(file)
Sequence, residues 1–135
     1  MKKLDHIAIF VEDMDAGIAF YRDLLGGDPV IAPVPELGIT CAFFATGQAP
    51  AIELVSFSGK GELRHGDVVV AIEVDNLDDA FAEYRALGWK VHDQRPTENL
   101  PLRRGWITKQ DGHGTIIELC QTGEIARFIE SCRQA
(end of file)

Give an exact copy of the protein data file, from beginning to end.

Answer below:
Sequence, residues 1–135
     1  MKKLDHIAIF VEDMDAGIAF YRDLLGGDPV IAPVPELGIT CAFFATGQAP
    51  AIELVSFSGK GELRHGDVVV AIEVDNLDDA FAEYRALGWK VHDQRPTENL
   101  PLRRGWITKQ DGHGTIIELC QTGEIARFIE SCRQA